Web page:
To paraphrase a line from Paul Simon, our lives can be so common that they practically disappear, and in that notion is the sad momentum that adds the weight to almost all of our most desperate quixotic gestures (whoa, that sounded heavy).  We hurl ourselves towards meaning and individuality, like some giant NFL receiver, clawing for separation from everything that renders us quietly the same as everyone else. It's what I do.  It's what most of us do.  We can distill our lives down into other, more ambitious motivations, but in the end we just want to be different...we just want to do something different, and if it can have value, even better.

When I first started typing this blog I thought it would be great to just have a place to put building extra storage space in a cramped house, but it quickly turned into something else.  It quickly transformed into a therapeutic roadmap that helped me navigate fatherhood, and husbandry...if I was totally honest with myself I'd say my own approach to humility and humanity.  It was a tangible, visual expression of most everything that was happening in my life, well, a lot of what was happening in my life, but has since changed yet again.  Since Maggie was born time has been more scarce, my exhausted mind has had much less overflow...all of it's creative surges being siphoned off to survive a crazier life of earlier mornings and later nights, of louder evenings and never ending, not good enoughs...not clean enough, not organized enough, not quiet enough, not fast enough, not...not...not...since Maggie was born there have been no second helpings of inspiration or creative energy...or perhaps whatever there has been has gone to new enterprises, like our Jimmy Twohander endeavour, and both of our constantly changing challenges at work.  It feels as though I have just as much to say, and need just as much cupboard space, but haven't the time to manage it.  In an ironic twist, it's a turn of events that most closely mirrors the cleanliness of our home...always the ambition to make things look nice, to accomplish things, but never the time or energy.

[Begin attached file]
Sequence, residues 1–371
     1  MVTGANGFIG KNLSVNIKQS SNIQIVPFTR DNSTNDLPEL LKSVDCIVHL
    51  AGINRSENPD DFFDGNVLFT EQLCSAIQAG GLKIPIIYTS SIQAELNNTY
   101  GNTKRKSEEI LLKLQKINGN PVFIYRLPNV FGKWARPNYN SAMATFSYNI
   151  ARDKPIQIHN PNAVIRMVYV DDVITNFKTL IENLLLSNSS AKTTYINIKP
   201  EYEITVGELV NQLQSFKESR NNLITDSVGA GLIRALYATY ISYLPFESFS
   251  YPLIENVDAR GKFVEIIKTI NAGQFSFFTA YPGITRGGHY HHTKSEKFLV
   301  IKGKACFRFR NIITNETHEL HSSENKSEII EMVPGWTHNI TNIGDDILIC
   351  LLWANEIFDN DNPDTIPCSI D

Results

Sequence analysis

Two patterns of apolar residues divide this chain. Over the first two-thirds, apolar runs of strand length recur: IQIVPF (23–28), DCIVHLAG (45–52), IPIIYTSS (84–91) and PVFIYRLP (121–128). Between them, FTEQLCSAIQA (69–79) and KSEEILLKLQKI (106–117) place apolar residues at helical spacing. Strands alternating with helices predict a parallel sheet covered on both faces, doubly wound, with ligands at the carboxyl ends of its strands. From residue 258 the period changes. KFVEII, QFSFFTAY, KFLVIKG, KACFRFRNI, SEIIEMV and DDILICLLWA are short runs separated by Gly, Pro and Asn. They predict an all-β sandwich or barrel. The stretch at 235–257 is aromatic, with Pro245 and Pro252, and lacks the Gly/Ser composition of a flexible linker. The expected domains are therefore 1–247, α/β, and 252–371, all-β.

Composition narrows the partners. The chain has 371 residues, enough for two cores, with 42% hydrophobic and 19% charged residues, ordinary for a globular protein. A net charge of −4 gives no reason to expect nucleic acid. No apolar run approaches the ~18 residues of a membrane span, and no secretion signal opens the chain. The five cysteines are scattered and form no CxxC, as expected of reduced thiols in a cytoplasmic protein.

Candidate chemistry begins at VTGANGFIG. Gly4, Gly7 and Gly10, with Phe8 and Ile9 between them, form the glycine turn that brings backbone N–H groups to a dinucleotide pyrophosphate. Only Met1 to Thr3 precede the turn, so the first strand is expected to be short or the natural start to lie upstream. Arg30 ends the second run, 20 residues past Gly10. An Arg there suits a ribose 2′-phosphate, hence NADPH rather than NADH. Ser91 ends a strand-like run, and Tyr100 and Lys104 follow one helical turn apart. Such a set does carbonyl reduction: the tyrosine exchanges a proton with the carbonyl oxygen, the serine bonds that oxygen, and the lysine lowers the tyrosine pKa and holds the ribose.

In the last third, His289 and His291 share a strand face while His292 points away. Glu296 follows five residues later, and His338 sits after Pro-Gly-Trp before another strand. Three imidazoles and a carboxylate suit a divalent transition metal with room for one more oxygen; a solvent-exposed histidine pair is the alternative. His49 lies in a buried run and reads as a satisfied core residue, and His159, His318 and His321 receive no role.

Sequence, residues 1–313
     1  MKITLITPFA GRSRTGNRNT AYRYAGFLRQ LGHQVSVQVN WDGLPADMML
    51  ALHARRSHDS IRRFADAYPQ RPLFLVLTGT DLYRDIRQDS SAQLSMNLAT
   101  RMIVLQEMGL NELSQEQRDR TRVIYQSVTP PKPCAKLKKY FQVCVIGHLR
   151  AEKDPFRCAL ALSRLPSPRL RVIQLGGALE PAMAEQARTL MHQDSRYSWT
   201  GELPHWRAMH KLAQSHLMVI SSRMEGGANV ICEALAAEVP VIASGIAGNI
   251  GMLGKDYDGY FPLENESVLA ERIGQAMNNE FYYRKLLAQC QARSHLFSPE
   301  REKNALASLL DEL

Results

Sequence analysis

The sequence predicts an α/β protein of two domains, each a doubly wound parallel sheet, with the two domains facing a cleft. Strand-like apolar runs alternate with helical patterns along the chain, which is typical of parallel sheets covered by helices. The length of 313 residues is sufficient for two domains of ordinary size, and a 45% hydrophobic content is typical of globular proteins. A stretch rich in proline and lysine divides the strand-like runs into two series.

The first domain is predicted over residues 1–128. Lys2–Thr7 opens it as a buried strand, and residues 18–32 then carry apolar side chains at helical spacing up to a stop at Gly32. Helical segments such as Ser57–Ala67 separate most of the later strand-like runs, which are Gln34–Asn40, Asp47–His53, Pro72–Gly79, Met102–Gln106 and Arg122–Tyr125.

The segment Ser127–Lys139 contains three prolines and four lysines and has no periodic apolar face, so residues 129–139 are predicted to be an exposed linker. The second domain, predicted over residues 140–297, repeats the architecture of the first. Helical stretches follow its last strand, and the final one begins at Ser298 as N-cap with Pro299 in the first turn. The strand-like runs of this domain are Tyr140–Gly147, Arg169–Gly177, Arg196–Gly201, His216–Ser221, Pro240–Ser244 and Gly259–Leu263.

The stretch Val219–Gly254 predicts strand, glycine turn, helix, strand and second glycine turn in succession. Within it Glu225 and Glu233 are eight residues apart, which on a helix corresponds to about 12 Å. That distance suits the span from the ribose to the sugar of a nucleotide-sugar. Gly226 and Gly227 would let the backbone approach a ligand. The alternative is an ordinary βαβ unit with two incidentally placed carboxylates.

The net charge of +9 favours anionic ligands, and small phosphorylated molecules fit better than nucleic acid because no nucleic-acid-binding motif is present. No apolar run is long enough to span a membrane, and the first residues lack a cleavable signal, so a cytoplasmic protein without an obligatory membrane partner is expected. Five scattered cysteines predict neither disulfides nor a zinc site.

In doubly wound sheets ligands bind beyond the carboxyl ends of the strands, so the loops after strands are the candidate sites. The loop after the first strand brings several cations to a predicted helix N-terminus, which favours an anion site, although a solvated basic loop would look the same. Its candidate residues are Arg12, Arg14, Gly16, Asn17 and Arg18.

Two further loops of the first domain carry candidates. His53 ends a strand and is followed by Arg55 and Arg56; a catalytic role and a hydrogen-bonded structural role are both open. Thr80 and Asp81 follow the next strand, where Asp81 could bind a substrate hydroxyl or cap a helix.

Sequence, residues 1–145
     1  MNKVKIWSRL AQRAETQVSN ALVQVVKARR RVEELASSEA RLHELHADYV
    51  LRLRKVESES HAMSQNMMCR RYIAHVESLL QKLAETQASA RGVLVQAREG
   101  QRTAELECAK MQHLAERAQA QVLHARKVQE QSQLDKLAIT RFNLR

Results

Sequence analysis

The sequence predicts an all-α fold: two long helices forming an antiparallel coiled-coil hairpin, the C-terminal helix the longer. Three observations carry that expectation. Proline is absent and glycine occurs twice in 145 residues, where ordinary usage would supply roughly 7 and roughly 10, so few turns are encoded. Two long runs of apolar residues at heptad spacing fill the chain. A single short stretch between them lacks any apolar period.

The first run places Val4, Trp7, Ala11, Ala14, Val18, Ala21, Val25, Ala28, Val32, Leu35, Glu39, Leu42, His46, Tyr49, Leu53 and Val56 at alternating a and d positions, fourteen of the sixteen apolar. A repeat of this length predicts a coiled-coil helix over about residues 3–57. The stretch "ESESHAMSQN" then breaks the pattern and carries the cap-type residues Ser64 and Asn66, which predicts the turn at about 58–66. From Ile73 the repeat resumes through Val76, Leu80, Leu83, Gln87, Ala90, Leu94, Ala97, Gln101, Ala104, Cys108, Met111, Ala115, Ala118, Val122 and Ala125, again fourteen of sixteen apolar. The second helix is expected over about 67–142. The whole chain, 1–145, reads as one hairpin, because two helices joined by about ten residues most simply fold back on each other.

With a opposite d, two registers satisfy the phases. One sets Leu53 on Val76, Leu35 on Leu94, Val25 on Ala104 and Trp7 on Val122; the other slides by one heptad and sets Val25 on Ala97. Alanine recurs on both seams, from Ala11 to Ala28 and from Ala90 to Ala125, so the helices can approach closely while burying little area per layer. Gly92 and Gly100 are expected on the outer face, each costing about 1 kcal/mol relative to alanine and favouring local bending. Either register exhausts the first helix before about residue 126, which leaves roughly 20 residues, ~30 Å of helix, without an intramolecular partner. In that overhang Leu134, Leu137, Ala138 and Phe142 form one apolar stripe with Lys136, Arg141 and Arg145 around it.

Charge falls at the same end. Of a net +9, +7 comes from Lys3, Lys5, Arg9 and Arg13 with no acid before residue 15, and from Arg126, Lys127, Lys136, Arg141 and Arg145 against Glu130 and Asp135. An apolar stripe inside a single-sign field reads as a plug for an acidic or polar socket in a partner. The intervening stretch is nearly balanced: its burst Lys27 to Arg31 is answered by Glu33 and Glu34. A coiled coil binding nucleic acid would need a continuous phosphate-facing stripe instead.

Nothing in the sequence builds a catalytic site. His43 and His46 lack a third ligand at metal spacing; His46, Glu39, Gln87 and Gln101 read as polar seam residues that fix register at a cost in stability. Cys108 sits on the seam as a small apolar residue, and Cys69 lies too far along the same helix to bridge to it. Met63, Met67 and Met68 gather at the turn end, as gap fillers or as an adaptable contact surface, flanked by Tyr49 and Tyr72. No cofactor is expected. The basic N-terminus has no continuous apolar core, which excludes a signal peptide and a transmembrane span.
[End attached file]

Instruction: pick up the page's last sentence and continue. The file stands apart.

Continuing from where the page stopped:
This new version of blogging takes so much more energy, and so much more creative use of time, and more than anything else, so many larger bursts of inspiration timed with quiet moments to manage it.  It's not much different from cleaning house.  I try, and there's a billion unfinished drafts of posts lying about in ruin here and there, but whatever manages to make it online is often less than I'd wish.  Kind of like how we've gone as far as buying the paint for the kitchen, but haven't come any closer to painting it than hiding the cans away in the closet.

I listen to less music...sigh...I watch less television...shrug...I read less.  I exercise less. I accomplish less.  It's just how it is I suppose, for many of us, but the quiet pain of it all lies firmly in Paul Simon's lyrical life often feels so common that it might as well disappear.  That's a tough pill to swallow, even if I know it's not true.  It just feels that way.  I'm still far busier than most, far more active and engaged.  We still find tonnes of adventure and discover new things embarrassingly regularly.  In comparison to the masses I think we do alright.  Still, Friday nights spent on exercise bikes and Saturdays spent re-organizing daughter's rooms feels less and less like living.  It's called reality, we know, but sometimes we like to bust free from Ikea daydreams to charge hard at some windmills.  Sometimes blogging the less glamourous feels, well, less than glamourous.

Still...(audible sigh inducing, smile producing however)...we watch two girls grow, and a relationship grow. I've never danced as much in my life, or sang as many songs.  I've never invented more with just scissors and excitement, or created more, using just hope and scraps of discarded inspiration.  I've never been hugged more, or appreciated more.  I've never found as much purpose or cultivated more motivation.  We find ourselves awestruck more frequently than any round-the-world trip could ever offer us...find more photo opps, more smiles.  It is no longer a search for meaning, our lives have meaning...more than they've ever had before...and Paul Simon can suck it.  I never liked that short little man without Art Garfunkel anyway.